New Laws Protect Small Businesses from Harm due to Data Breaches

On August 3, 2018. Gov. Kasich signed legislation giving small businesses “safe harbor” from economic harms claims related to data breaches, as long as those businesses have taken reasonable steps to give their customers a baseline for data protection.

These days, the question is not if your business will be targeted by hackers, but when.

Image privded by Flickr Bill 220 was the brainchild of the Ohio Attorney General’s CyberOhio Initiative, and co-sponsored by State Sen. Bob Hackett of London. Hackett recognized that many constituents struggle with this new frontier in every aspect of business. The bill provides an incentive to take “reasonable precautions” to meet industry-recommended standards, but it does not impose liability upon those businesses that do not develop cybersecurity controls. That means lawmakers won’t have to continually revisit the issue to update a minimum set of standards.

Given that hack attacks can come from anywhere, safe harbor may only be available to defend suits brought in Ohio courts, or in jurisdictions such as federal courts in actions based on Ohio law. Keep in mind that large-scale data breaches may affect individuals in multiple states, so attorneys filing suit directly traced to such a breach are not restricted to filing suits in Ohio. While ID theft is the most common concern, another growing threat is the scenario where hackers don’t steal the business data; they just block access to it with ransomware, and delete it or leave it encrypted if the business refuses to pay. Routine offline backup is one way to avoid that situation.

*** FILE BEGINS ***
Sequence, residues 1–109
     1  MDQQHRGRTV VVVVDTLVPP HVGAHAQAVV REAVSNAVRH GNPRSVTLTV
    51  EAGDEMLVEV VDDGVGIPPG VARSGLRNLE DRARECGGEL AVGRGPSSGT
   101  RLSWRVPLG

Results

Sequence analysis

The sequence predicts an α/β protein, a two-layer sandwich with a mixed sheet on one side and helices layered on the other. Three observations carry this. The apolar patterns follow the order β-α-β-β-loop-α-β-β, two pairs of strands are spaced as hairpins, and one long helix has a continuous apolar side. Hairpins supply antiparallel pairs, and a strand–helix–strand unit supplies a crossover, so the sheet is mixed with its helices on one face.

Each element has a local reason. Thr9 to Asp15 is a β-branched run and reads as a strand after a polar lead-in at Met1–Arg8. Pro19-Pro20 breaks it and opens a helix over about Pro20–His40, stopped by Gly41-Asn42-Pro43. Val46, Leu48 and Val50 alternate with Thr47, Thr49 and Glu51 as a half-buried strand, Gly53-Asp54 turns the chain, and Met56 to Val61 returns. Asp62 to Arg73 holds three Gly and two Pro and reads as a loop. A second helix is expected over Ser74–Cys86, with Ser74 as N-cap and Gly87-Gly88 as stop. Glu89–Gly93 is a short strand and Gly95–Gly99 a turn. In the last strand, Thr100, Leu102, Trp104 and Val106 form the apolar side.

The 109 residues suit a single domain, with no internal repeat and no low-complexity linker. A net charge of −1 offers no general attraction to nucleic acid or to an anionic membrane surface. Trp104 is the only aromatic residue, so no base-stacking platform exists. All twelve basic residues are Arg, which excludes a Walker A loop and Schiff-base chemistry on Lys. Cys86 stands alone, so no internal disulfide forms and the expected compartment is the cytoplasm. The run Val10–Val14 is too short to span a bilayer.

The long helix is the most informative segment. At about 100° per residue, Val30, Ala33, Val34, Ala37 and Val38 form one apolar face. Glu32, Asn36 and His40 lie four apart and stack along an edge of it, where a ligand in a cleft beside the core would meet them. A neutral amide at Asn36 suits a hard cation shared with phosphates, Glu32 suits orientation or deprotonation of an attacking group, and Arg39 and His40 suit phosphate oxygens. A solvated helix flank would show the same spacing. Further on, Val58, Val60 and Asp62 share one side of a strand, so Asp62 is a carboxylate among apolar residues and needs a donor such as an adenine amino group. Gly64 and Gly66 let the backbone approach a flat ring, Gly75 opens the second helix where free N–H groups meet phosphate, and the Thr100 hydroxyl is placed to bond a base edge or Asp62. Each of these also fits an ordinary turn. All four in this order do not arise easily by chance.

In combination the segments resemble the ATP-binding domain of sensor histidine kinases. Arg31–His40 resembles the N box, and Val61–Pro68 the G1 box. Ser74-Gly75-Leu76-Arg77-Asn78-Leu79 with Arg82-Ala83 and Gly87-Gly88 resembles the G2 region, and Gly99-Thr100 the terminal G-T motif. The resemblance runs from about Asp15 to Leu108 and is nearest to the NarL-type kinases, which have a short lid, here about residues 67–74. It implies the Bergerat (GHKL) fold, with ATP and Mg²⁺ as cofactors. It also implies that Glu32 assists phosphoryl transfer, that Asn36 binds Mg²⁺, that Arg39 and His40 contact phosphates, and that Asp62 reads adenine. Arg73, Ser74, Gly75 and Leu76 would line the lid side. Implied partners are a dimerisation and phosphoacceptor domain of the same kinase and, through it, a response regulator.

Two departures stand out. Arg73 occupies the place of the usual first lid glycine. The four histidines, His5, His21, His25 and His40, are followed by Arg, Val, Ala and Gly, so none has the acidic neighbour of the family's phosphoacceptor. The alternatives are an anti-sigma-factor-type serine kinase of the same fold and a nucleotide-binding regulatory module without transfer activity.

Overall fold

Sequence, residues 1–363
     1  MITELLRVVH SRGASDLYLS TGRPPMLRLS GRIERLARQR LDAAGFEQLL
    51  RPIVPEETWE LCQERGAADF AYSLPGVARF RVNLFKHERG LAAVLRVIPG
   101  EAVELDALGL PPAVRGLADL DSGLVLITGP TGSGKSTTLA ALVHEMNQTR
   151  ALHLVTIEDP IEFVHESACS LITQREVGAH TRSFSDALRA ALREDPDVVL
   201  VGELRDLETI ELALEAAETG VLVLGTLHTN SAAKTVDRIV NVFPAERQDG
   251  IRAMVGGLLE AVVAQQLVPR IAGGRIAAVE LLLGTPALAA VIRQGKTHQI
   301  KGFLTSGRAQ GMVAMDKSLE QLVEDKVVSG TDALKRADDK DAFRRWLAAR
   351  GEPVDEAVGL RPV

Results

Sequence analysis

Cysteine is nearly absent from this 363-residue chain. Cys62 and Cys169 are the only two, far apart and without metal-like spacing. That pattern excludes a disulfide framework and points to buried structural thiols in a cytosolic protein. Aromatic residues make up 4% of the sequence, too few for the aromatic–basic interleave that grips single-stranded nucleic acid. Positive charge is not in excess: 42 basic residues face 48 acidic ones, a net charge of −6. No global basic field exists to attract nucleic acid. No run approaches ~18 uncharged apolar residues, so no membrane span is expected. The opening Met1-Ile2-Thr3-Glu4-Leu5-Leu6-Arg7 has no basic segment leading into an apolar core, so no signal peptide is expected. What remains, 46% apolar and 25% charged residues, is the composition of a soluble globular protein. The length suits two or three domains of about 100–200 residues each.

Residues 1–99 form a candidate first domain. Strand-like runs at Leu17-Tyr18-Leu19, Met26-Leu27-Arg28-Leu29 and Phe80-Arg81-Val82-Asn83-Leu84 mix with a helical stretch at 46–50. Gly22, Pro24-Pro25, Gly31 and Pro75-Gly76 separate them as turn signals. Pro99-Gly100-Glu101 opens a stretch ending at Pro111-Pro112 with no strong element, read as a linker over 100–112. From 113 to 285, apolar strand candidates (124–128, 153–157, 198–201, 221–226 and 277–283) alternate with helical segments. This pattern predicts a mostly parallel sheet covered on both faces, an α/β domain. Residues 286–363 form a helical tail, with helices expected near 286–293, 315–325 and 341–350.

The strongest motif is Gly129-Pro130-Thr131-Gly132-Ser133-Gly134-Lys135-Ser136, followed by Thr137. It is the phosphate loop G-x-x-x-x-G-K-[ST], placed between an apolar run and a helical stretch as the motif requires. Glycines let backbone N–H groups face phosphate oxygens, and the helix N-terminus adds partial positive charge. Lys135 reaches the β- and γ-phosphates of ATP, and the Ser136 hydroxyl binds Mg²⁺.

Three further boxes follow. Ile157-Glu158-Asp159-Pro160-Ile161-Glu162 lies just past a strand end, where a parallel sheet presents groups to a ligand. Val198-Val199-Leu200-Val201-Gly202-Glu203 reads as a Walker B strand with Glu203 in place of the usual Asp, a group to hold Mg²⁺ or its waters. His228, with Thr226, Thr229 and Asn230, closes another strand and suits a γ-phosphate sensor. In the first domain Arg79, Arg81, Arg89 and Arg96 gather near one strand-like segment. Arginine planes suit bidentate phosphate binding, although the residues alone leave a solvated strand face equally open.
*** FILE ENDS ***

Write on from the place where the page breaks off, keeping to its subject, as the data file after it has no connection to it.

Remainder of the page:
As a business owner, your obligation to notify victims of a data security breach is based on the nature of the information that was lost or stolen, and the likelihood that the lost or stolen data may harm your customers or employees. Safe harbor applies to economic harms only, not breach of contract claims or alleged violations of state or federal statutes related to privacy protections, such as Ohio Revised Code Section 1349.19, or the Health Insurance Portability and Accountability Act, or financial information subject to the Gramm-Leach-Bliley Act.

The new Ohio safe harbor provision doesn’t let businesses avoid those obligations.  Regulated entities must continue to comply with the current version of HIPAA, GLBA, FISMA or HITECH. If those acronyms are alphabet soup to you, your business probably isn’t a highly-regulated healthcare or financial institution. Other businesses can develop a written cybersecurity protocol that conforms to an industry-recognized framework.

Development of a cybersecurity plan doesn’t make your business instantly subject to safe harbor defense. As a business owner, you have to implement that plan and train your employees to follow that plan protect against data breaches and respond when (not if) they happen. If you have questions about cybersecurity or this new law and how it impacts you, contact Breanne Parcels at or call 937-223-1130 PS&E for guidance.

AUTHOR: Jan Burden